What does it mean? Perhaps it just means that they can connect
to the VPN through a regular ISP connection? That wouldn’t be news. On
the other hand, what else can it mean? Whitely and Lambert seem to view
deperimeterization as a means to improve performance and lower cost. If
you need to protect the data on a notebook computer they say you should
do it with encryption and "data access controls." This is the
philosophy in the 2001 article in which the term was coined.

Honestly, who in Sam’s Hill cares what "Whitely and Lambert" seem to view deperimeterization as?  They didn’t coin the term, they butchered its true intent and you still don’t apparently know how to answer your own question. 

Further, you also reference a conceptual document floated back in 2001 ignoring the author’s caution that "The actual concept behind the entire paper never really flew, but you may find that too thought provoking."  Onward.

But of course you can’t just put a system on Comcast and have it
access corporate resources. VPNs aren’t just about security, they
connect a remote client into the corporate network. So unless everyone
in the corporation has subnet mask of there needs to be some
network management going on.

Firstly, nobody said that network management should be avoided, where the heck did you get that!?

Secondly, if you don’t have firewalls in the way, sure you can — but that would be cheating the point of the debate.  So we won’t go there.  Yet.  OK, I lied, here we go.

Thirdly, if you look at what you will get with, say, Vista and Longhorn, that’s exactly what you’ll be able to do.  You can simply connect to the Internet and using encryption and mutual authentication, gain access to internal corporate resources without the need for a VPN client at all.  If you need a practical example, you can read about it here, where I saw it with my own eyes.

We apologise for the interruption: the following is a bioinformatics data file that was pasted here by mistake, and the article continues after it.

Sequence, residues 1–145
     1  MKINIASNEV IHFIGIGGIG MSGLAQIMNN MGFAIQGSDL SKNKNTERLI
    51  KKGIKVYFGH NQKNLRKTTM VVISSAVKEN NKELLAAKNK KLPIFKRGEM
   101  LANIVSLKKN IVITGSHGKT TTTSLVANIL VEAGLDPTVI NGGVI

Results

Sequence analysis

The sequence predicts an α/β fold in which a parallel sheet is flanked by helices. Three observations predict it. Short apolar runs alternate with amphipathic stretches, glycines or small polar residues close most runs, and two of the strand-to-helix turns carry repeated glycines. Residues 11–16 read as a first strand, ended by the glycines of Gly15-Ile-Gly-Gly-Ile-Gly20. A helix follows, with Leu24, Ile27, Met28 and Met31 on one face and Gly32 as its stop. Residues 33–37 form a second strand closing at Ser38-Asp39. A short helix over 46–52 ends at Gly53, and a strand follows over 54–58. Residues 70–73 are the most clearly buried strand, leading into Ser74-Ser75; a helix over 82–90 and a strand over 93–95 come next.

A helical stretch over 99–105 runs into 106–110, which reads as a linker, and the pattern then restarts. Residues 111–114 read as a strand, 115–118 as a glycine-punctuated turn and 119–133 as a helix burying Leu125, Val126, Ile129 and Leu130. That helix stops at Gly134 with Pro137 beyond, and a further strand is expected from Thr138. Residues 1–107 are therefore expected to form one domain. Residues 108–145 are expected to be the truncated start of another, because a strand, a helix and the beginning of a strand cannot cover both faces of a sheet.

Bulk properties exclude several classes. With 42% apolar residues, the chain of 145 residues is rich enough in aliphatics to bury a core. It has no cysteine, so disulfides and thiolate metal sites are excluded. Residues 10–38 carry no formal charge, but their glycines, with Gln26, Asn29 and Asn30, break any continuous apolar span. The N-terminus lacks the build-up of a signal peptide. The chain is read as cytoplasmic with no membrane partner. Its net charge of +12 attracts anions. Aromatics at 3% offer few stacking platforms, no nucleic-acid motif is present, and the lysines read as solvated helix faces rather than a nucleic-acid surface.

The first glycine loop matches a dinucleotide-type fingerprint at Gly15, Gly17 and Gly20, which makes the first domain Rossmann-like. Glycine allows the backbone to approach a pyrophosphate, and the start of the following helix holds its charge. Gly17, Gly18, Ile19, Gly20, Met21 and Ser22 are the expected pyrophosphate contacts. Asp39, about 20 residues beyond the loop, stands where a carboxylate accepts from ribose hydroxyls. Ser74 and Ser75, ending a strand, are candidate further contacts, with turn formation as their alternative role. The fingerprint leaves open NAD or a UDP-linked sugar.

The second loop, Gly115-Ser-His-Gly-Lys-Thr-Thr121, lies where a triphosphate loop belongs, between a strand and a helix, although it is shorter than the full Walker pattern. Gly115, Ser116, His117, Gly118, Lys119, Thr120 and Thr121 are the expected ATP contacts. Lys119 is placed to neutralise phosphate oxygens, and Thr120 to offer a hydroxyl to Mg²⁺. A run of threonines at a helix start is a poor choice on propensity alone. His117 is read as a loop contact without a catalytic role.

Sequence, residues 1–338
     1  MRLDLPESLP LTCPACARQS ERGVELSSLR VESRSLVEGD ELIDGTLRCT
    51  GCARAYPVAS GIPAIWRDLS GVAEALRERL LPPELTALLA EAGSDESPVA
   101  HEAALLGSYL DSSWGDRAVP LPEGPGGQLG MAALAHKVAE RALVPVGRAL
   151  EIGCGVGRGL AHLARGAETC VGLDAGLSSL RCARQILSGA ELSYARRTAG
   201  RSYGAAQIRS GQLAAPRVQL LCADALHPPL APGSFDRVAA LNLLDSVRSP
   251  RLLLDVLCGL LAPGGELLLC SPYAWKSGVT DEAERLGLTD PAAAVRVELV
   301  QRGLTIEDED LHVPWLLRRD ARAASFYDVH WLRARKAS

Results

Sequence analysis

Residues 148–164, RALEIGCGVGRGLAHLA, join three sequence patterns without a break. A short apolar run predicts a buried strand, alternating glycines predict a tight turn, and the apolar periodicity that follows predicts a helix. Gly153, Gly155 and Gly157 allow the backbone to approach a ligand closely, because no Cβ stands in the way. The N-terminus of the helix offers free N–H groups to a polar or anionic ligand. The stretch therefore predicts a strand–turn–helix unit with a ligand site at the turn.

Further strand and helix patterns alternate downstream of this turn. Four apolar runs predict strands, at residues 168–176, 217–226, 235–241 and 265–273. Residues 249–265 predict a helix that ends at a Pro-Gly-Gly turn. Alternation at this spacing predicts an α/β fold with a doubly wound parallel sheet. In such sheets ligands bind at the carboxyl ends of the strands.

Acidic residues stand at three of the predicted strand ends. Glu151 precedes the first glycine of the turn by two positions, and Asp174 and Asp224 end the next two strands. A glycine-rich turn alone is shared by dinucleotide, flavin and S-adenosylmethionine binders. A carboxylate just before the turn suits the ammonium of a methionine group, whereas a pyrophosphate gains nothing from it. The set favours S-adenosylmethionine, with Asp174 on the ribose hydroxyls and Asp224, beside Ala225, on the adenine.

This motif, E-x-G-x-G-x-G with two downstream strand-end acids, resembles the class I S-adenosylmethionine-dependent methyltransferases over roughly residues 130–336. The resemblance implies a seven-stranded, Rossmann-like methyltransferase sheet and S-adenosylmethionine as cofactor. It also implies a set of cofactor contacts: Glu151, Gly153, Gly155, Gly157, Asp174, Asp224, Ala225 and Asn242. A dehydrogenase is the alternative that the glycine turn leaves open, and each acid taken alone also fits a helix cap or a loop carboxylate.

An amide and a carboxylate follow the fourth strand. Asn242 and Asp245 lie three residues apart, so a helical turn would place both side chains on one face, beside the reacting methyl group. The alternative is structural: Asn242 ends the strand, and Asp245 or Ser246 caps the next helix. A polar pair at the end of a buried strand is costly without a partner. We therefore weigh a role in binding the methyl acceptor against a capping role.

Or maybe I’m wrong. Maybe that’s what they actually want to do. This certainly sounds like the idea behind the Jericho Forum, the minds behind deperimeterization. This New York Times blog echoes the thoughts.

Maybe…but we’re just dreamers.  I dare say, Larry, that Bill Cheswick has forgotten more about security than you and I know.  It’s obvious you’ve not read much about information assurance or information survivability but are instead content to myopically center on what "is" rather than that which "should be."

Not everyone has this cavalier attitude towards deperimeterization. This article from the British Computer Society
seems a lot more conservative in approach. It refers to protecting
resources "as if [they were] directly exposed to the Internet." It
speaks of using "network segmentation, strict access controls, secure
protocols and systems, authentication and encryption at multiple

Cavalier!?  What’s so cavalier about suggesting that systems ought to be stand-alone defensible in a hostile environment as much as they are behind one of those big, bad $50,000 firewalls!? I bet you money I can put a hardened host on the Internet today without a network firewall in front of it and it will be just as resistant to attack. 

But here’s the rub, nobody said that to get from point A to point B one would not pragmatically apply host-based hardening and layered security such as (wait for it) a host-based firewall or HIPS?  Gasp!

What’s the difference between filtering TCP handshakes or blocking based on the 4/5 tupule at a network level versus doing it at the host when you’re only interested in scaling to performance and commensurately secured levels of a single host?  Except for tens of thousands of dollars.  How about Nada?  (That’s Spanish for "Damn this discussion is boring…")